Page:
W: But they can follow instructions but they can’t follow the instructions without prompts and support and symbols so even some things as simple as going to the toilet, a door that’s closed but if you open the door and they can see the toilet or there’s a picture on the door that shows a picture of a toilet, it can actually prompt. So during this month it’s been amazing, when we’ve spoken to people about it and they’ve tried it, I’ve got some really good results and feedback to me as they give people hope. And I think that’s important, I think any organization that predominantly has people over 65 and of course I must say dementia is not a normal part of aging but people over 65 and most over 85 has some elements of memory loss and cognitive decline just the same as any aging organ, your brain ages as well as your heart. But if we focus on wellbeing and if we say that every person is individual and no two people have the same experience, then we can actually provide … care… and people don’t understand this. So I’ve tried to put in a simple term because a lot of the newer scientists are working really hard and that’s wonderful to see that there’s gonna be some great changes and possibly we’ll find a cure. But while we’re waiting, while the world’s waiting we need to focus on building hope and promoting a dementia friendly environment.

W: It is a very positive view that you have Michelle.

M: Yeah. And I’m talking about it at the World Congress in November because I find again when I wrote my abstract for that, and lots and lots and lots of doom and gloom – that this has been tried and this has not worked. And I think there is still hope, just the same as when the guys in Perth found the cure for … with the antibiotics therapy. People were dying of that years ago when I was born so now that’s cured and preventable. So there are lots of articles and information online about preventing … maximize in brain health. One of them I recommend your listeners to look at is the Brain App from Alzheimer’s Australia. It’s 5 simple steps to maximize, you can download the app or you can just go online and look on Google and learn from the exercises that they’ve got. But also physical exercise, something as simple as gardening and doing the walk every day, moving the blood from your feet through your brain cells is so good, and often because motor skills decline for some people, so for example walking can be difficult, you can actually get a support from a physiotherapist. And at Bethanie there are lots of allied health professionals that work across the community and residential care as part of their package, depending on what level they get assessed. Those that are on a package we can support in many ways but through Medicare. But it’s really important that we support people to walk, we support people to eat well, and so things like swallowing problems we can actually modify diet to support people to eat and drink. Nutrition again without good nutrition your brain cells don’t survive. So yeah, it’s really important that we keep moving despite any disability as we know, but we know that the myths out there it’s all doom and gloom so let’s try and look at it in a different way and that’s what dementia awareness has been. And the other person I look at is the younger onset clients within 65 and under, that’s increasing but there’s also increasing awareness around supporting them and Dementia Alliance International and one of my colleagues Kate Swaffer lives with dementia and she’s a coach there of the organization. It’s a global network, I’m sure there be people there in the Philippines who know about it. Go online and look at it and be part of it, you have to be living with a diagnosis that dementia or supporting a family member but they give some great examples of people achieving and doing things, studying, learning new things, living and not being stigmatized and prescribed disengagement as we talked about, which often is what happens. You know go away and make ready for your end of your life well how helpful is that when that’s what gets told, that’s quite shocking really.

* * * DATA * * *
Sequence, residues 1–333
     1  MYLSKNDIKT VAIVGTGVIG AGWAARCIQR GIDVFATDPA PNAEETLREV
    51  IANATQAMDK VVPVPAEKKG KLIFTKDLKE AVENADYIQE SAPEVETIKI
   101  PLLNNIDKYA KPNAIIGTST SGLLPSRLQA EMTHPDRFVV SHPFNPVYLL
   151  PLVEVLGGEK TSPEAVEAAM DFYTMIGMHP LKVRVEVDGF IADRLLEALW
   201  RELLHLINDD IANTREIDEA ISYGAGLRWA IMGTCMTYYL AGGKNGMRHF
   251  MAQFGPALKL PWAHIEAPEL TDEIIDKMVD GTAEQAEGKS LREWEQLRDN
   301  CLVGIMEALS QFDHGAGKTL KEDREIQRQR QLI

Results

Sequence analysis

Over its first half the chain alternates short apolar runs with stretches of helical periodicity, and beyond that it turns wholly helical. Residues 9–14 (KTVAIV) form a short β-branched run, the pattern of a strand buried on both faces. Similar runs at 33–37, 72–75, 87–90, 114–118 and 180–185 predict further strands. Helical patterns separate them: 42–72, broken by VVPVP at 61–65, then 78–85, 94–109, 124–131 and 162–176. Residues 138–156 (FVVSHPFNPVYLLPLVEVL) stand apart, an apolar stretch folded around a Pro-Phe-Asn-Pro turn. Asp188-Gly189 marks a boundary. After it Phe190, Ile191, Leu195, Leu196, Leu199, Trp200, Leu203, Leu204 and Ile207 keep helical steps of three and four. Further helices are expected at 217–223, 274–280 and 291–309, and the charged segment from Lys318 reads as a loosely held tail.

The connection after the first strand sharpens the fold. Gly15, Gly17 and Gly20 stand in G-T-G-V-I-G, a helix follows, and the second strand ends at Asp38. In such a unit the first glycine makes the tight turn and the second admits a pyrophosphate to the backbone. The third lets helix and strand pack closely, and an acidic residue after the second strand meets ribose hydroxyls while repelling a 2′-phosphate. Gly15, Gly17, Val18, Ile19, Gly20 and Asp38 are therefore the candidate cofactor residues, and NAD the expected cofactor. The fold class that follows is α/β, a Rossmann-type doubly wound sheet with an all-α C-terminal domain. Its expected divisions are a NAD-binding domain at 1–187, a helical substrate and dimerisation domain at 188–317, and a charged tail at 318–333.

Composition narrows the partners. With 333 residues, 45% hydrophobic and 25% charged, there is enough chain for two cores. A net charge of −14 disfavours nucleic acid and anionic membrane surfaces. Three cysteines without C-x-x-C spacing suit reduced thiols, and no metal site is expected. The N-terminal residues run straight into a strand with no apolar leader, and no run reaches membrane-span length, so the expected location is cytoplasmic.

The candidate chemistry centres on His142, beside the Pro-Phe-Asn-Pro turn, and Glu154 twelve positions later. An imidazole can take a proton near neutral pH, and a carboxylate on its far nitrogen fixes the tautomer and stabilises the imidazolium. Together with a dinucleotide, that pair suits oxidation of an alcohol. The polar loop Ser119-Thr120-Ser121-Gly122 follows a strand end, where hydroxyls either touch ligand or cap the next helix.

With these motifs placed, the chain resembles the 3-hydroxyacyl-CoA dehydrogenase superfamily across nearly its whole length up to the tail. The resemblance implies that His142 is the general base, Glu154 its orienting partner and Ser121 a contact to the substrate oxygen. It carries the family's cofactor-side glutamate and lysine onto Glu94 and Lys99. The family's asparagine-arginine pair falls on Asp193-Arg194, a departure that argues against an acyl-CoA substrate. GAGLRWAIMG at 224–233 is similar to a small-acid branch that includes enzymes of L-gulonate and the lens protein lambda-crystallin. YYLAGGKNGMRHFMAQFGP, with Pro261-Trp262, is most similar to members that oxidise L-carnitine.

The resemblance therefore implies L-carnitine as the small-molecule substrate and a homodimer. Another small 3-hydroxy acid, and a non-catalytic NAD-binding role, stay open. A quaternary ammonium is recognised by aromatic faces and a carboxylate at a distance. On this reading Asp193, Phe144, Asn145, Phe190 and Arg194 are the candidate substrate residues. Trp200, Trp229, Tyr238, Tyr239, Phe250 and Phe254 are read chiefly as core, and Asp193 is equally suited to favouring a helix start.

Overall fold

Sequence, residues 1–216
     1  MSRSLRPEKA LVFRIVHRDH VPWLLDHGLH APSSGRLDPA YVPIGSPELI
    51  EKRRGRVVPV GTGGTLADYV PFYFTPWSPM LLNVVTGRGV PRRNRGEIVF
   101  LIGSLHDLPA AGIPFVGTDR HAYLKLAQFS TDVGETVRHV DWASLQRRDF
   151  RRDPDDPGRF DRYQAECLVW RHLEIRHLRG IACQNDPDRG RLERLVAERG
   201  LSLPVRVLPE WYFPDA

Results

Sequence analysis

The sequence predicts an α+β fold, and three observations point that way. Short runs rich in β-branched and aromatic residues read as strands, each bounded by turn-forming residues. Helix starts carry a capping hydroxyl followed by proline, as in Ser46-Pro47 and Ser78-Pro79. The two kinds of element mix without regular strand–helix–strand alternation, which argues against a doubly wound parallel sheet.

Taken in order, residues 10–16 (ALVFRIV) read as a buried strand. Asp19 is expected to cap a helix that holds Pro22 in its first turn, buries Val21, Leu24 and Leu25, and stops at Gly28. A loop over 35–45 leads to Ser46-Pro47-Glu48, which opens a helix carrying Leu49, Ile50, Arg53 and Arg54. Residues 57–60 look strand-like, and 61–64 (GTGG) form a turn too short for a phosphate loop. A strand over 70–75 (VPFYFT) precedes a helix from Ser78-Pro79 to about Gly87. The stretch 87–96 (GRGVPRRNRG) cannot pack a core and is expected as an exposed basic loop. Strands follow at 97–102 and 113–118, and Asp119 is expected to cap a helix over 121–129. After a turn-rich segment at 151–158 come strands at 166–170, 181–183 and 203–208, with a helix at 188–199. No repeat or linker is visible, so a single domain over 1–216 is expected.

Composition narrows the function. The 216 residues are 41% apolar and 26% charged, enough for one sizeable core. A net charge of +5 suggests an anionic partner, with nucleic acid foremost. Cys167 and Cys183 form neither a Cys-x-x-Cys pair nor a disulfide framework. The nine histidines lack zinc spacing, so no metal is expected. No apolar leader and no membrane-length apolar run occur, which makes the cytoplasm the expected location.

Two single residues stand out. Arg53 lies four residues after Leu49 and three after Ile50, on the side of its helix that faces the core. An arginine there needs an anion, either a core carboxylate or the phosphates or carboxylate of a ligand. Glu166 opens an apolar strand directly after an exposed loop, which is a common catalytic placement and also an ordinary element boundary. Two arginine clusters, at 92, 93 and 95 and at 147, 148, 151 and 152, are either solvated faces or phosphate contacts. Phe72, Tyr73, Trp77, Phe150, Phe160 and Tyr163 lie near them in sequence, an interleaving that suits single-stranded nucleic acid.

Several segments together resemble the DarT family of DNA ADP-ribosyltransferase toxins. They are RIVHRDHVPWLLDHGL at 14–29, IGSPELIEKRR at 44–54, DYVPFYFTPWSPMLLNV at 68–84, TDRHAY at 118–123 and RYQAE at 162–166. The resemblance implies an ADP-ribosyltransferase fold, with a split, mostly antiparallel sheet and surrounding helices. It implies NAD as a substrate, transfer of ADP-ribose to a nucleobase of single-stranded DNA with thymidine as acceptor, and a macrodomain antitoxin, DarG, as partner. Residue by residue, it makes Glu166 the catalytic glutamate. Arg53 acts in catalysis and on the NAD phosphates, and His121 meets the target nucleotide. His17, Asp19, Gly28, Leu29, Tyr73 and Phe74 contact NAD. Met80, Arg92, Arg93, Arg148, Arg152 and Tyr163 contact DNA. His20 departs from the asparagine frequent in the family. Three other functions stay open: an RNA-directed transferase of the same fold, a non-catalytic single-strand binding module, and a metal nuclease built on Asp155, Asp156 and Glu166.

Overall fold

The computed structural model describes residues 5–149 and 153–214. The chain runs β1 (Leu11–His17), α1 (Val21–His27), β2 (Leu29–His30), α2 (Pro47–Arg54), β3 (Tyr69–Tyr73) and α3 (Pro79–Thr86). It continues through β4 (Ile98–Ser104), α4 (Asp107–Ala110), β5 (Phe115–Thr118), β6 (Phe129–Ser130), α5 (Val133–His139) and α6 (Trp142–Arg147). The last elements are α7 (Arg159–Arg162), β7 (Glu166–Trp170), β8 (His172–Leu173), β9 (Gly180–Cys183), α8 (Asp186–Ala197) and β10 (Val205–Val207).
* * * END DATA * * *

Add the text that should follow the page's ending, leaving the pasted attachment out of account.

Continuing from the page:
W: What do you think is the biggest misconceptions about dementia?

M: The person is not there, the person everybody has the same experience is totally not true. I’ve looked after people and family and clients over 35 years, at the end of life and they still know your voice and they still feel your touch and they still recognize elements. Even they may not look at you and know who you are, there are elements that you can jog memories and that’s so important. Never underestimate a person with dementia.

W: “Never underestimate,” seems like a good message to leave.

M: Yeah.

W: I hope that we can get some of our audience to dispel a little bit of that misconception today. Michelle thank you very much for joining us, it’s been a pleasure talking to you.

M: Any time. Thank you.

W: Your passion is so evident when you talk, and so it’s been a pleasure hearing that in your voice.

W: Thank you. Thank you so much.

M: I’ve been in conversation with Michelle Harris who’s dementia consultant with Bethanie Group. And if you’ve missed my conversation I do suggest to head off to our website we do have a transcript of it there. There’s also an audio archive on YouTube and on SoundCloud where you can find out more about Bethanie at or if you’re looking for that transcript it’s on the Health Professional Radio website at My name is Wayne Bucklar, thanks for listening.